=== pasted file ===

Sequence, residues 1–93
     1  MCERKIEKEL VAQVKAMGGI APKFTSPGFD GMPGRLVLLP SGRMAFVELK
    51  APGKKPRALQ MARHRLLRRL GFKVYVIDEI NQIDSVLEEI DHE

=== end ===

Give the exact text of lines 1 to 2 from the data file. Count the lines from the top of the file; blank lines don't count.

Sequence, residues 1–93
     1  MCERKIEKEL VAQVKAMGGI APKFTSPGFD GMPGRLVLLP SGRMAFVELK